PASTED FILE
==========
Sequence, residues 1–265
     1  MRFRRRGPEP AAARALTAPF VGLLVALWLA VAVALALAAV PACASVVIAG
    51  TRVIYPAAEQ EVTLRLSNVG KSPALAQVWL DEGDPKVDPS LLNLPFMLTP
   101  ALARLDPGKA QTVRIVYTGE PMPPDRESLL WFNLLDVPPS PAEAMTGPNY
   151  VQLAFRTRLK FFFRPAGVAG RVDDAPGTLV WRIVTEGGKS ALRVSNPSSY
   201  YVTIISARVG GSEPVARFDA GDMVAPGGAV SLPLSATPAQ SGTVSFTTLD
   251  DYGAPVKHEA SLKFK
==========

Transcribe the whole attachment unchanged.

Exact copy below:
Sequence, residues 1–265
     1  MRFRRRGPEP AAARALTAPF VGLLVALWLA VAVALALAAV PACASVVIAG
    51  TRVIYPAAEQ EVTLRLSNVG KSPALAQVWL DEGDPKVDPS LLNLPFMLTP
   101  ALARLDPGKA QTVRIVYTGE PMPPDRESLL WFNLLDVPPS PAEAMTGPNY
   151  VQLAFRTRLK FFFRPAGVAG RVDDAPGTLV WRIVTEGGKS ALRVSNPSSY
   201  YVTIISARVG GSEPVARFDA GDMVAPGGAV SLPLSATPAQ SGTVSFTTLD
   251  DYGAPVKHEA SLKFK